Last year was the first Netherworld at its new location. Now that you're firmly established there, how's everything going?
Yeah and last year kind of feels like a hundred years ago now. We've learned a lot and we got some great feedback in the process. People seem to love it and they appreciate the additional parking because we have a lot of on-site parking now. Everything is kind of right there for everyone. The building is massive. Since it was the first year, we were taking chances and just making educated guesses for the most part. But you never really know until you dive in and then it's like, 'Oh wait a minute, let's move things around this year. Let's watch how people naturally react to it.' Only then we'll know what we're either doing right or wrong. I do have to say, I think we were pretty much right a lot of the time. But there was a lot of learning and we're using it all this year to make it an even better experience.
How has it expanded from last year's inaugural celebration?
I think this year we've got even more photo op possibilities and lots more fun stuff out in the midway. The haunts are just better, too. As with the old location, we never throw anything out. A lot of it goes to storage so we can continue to rotate out the big props as we need them. We can take one out of commission for a while and turn it into a different kind of monster for the longer story arcs. But for the most part, it's just a matter of layering and collecting more stuff and letting more cobwebs kind of take hold. Real ones and fake ones.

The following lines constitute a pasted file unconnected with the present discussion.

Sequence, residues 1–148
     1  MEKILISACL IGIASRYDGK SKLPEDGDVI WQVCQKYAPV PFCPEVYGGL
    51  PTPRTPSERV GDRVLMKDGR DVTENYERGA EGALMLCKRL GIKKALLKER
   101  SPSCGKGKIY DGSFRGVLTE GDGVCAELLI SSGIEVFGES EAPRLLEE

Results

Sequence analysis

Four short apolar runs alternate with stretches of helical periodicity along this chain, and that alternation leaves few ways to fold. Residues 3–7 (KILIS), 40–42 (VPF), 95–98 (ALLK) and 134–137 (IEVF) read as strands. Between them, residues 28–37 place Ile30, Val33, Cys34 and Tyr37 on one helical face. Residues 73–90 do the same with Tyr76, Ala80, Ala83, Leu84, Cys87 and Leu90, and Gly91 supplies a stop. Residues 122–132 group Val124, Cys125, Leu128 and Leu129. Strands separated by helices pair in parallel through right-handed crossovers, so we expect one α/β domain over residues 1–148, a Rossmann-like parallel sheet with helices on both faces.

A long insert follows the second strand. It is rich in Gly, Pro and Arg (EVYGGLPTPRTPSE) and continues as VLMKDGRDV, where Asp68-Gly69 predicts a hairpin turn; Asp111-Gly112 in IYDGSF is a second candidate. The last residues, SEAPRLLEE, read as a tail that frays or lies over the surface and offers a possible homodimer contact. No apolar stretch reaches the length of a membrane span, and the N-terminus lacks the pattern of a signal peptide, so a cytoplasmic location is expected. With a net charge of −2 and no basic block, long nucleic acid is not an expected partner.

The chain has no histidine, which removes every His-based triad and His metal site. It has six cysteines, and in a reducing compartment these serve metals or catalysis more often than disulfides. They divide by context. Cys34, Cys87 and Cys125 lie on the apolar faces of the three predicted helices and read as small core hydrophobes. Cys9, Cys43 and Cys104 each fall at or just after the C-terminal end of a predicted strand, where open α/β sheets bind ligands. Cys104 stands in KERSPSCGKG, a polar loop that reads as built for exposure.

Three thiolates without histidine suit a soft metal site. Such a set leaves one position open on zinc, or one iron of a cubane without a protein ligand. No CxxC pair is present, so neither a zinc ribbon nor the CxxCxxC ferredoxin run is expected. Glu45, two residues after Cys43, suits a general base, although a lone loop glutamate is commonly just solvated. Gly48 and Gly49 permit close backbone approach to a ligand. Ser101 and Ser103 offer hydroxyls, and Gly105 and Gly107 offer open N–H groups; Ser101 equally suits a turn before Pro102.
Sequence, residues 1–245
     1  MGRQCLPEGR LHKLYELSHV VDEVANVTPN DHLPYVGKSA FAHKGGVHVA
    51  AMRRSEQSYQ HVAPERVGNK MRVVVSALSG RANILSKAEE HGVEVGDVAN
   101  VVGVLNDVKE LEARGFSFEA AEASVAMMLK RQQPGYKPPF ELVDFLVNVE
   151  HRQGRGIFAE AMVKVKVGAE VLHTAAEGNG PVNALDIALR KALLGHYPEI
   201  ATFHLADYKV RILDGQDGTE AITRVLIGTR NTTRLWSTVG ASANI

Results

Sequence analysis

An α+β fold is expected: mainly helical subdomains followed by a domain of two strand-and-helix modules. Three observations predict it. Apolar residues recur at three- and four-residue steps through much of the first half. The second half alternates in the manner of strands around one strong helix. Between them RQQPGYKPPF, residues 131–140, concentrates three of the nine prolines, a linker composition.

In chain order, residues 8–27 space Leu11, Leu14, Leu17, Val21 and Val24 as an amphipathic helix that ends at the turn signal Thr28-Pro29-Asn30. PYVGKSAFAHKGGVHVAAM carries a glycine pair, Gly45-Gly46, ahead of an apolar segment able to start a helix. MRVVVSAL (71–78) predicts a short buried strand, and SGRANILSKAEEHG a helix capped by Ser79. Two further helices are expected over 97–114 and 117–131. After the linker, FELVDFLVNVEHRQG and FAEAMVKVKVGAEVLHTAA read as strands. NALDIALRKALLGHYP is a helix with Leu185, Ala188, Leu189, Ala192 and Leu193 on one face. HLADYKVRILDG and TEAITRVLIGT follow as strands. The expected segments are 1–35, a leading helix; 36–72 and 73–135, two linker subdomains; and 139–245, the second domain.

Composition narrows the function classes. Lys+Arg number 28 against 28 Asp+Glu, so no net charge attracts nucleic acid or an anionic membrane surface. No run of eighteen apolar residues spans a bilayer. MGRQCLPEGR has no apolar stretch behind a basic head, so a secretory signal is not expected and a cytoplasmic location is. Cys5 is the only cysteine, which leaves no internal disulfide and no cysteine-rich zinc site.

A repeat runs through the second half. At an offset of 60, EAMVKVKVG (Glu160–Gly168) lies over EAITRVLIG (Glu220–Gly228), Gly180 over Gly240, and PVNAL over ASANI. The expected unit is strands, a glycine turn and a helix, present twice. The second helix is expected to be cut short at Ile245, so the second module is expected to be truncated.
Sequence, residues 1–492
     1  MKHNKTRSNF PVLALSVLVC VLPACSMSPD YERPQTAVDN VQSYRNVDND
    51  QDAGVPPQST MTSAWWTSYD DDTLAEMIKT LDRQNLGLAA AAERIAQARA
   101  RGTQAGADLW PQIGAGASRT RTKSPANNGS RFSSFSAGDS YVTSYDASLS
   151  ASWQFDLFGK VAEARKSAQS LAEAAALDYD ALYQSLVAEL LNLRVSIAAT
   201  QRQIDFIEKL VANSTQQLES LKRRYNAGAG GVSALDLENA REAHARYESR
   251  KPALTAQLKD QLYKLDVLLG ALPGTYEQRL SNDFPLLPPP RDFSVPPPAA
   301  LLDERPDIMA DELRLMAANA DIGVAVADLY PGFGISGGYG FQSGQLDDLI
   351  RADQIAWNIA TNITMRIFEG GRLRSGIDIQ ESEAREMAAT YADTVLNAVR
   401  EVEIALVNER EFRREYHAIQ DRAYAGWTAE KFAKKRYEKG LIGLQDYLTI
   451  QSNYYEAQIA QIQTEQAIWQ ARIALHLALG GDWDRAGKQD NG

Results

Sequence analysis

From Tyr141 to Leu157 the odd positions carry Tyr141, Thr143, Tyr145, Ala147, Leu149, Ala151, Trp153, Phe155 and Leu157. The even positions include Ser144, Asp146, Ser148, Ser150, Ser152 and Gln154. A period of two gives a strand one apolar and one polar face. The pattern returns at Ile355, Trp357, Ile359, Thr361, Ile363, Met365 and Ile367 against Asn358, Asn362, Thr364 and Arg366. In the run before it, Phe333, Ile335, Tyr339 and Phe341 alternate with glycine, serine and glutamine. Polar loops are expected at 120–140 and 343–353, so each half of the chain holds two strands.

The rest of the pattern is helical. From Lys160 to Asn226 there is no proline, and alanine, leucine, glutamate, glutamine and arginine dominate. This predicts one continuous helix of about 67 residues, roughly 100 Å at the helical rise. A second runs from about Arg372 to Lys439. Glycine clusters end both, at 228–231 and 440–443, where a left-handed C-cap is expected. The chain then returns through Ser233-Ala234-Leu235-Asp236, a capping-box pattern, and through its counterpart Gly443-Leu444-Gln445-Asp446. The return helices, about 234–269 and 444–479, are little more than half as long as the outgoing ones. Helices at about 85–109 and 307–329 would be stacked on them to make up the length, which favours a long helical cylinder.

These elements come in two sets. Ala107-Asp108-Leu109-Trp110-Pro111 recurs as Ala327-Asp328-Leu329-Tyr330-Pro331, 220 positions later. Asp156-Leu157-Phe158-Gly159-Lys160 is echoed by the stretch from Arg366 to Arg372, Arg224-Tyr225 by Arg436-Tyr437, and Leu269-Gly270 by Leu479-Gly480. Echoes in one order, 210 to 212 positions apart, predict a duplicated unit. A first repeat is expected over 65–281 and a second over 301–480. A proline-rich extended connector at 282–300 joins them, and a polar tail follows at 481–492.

Space wise it's the same venue, but how have you changed the core of the attraction itself?
It's always Netherworld but we've certainly made some additions. We've added a laser arena outside which runs during haunted house season as well. We've added a new escape room, too. I'm especially excited about the new ticketing element we've added this year.
Tell us about the new ticket options.